One of the things I have always enjoyed is reading a good mystery novel. My mother was a big fan of mysteries, especially Agatha Christie, and she passed the love for that on to me as I was growing up. I still love to read mysteries today, and when I’m not reading them, I’m usually watching shows like Law & Order or CSI – I enjoy these because of the mysteries that unfold just watching them. I remember in high school, the theater club was staging Agatha Christie’s The Mousetrap, and they checked the books out of the libraries around town so nobody would read ahead and find out who did it! I had already read the book, of course, but it was great fun to see it on stage. I think what I love about mysteries is the opportunity to keep guessing at the solution right up to the very end, and the process of learning new things about the characters all along the way. If you like mysteries too, then you know a really good mystery is one that isn’t solved all in the first six pages.
Today’s readings are a wonderful source of the mystery that still is part of our Church. In the first reading, the figure speaking is commonly referred to as “the Suffering Servant,” a figure that is later identified with Jesus. Whoever the figure is, he or she has incredible faith. One might expect that faith to be rewarded, but it’s not. Instead, his back is beaten, his beard is plucked, and his face is buffeted and spat upon. Yet, he continues to have faith, setting his face, knowing that he will not be put to shame. Maybe you have met a person who has gone through incredible trials like unemployment, family strife, or serious illness, and has remained faithful. If you know a person like that, don’t you just sense a little bit of Jesus working in that person?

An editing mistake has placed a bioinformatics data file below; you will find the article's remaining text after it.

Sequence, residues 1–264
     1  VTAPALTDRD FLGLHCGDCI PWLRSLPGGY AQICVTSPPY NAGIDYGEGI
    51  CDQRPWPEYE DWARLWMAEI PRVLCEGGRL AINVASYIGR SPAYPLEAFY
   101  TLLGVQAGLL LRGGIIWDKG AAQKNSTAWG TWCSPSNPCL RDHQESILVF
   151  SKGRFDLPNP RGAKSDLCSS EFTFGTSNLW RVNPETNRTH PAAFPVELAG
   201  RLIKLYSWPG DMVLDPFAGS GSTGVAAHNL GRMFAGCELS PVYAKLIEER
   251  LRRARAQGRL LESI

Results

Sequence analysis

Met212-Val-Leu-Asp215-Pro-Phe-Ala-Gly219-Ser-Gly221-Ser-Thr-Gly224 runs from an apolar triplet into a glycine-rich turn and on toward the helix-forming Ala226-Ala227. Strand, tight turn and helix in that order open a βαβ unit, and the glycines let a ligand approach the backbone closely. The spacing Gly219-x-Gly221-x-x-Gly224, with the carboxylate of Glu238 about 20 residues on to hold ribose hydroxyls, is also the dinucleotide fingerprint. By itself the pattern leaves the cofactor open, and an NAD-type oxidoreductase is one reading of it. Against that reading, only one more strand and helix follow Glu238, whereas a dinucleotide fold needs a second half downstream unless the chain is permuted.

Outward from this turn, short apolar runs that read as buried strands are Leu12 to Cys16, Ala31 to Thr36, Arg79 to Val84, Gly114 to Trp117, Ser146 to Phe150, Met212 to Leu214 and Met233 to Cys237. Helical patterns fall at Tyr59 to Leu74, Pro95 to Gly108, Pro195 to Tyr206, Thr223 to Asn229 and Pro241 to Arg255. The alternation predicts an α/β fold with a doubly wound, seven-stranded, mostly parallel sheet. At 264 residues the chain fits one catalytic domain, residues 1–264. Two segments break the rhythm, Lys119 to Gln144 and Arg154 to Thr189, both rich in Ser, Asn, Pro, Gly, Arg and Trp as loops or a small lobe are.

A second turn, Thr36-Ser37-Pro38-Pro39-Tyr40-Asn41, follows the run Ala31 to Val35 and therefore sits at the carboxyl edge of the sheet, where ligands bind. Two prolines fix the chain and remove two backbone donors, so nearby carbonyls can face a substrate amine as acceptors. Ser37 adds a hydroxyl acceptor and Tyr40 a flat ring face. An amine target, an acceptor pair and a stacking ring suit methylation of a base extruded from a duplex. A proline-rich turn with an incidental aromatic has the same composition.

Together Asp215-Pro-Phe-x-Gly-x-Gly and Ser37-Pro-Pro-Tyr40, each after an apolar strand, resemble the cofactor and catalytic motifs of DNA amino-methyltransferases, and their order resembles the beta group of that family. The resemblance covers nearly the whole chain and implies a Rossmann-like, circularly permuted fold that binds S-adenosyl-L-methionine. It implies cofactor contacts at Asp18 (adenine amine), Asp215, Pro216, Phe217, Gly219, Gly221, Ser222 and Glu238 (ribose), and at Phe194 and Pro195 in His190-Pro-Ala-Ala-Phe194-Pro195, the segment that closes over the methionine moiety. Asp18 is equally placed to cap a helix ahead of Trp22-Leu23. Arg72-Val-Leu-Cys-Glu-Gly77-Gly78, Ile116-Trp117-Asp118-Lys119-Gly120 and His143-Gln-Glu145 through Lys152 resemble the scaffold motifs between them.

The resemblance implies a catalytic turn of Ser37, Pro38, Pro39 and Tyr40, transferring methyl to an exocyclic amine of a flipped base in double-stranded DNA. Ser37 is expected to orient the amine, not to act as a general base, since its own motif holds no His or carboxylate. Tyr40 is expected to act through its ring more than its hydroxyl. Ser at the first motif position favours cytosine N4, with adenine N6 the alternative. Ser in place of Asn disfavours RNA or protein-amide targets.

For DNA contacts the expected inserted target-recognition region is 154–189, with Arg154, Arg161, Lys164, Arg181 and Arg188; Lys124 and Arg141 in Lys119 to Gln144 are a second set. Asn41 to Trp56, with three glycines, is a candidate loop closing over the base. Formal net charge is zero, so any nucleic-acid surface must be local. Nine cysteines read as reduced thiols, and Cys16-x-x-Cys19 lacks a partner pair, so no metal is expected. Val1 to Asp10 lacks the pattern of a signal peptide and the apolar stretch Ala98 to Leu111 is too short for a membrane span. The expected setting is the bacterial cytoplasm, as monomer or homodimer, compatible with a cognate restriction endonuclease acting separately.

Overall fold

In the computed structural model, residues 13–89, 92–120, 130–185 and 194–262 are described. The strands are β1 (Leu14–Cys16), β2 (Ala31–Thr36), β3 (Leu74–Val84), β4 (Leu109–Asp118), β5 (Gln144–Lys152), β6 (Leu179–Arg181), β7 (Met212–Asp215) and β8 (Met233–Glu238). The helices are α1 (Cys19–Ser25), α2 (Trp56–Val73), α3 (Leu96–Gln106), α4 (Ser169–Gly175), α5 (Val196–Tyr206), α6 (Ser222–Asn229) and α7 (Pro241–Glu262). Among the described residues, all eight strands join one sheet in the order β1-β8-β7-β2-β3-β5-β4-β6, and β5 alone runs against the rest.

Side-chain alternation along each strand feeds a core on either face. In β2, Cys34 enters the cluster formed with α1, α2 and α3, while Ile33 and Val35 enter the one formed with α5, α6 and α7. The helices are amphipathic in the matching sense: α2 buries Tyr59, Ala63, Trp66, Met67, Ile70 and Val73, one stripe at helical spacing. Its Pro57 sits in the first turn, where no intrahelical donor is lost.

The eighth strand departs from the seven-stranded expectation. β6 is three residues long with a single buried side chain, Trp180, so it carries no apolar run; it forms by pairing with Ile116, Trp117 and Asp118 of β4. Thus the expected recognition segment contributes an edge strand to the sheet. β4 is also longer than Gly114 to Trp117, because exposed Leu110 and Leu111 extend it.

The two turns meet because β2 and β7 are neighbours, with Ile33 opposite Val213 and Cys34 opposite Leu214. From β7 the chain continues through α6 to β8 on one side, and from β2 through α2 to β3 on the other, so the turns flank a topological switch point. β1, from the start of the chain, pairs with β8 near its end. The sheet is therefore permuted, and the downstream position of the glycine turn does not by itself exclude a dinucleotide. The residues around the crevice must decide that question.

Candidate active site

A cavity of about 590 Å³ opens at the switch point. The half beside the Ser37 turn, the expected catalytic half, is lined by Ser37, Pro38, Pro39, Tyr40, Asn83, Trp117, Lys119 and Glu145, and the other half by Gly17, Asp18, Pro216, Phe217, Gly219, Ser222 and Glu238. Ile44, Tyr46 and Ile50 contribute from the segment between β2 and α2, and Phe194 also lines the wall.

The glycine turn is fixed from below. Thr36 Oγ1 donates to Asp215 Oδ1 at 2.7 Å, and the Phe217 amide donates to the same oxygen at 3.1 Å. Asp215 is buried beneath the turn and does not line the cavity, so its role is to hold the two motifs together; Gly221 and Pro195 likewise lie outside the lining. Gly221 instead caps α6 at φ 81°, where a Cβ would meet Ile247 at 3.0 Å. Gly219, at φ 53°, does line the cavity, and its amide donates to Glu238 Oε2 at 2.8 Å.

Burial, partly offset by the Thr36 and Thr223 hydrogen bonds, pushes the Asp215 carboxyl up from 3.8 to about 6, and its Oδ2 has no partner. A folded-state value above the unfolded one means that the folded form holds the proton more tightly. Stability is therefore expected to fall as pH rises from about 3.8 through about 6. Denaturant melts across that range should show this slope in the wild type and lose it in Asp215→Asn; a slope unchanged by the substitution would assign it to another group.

In the second reading, St. James tells us that our faith must be living, or it is not faith at all. He has seen far too many people who will say nice things to people and claim to have faith, but refuse to help alleviate anyone’s real needs. “Go in peace, keep warm, and eat well” are nice-sounding words, but are actually meaningless when spoken to people who have personal problems, no place to live and keep warm, and little if anything to eat. James’s faith is one that sees the great mystery of Christ’s presence in those who are in need. We have the same challenges today, of course. There are many who are needy among us, and we disciples are called to a living faith that reaches out to those in need. Perhaps you’ve had the opportunity to work at a soup kitchen or a shelter, or go on a mission trip. If you’ve done that, maybe you have seen the face of Christ in those you’ve served.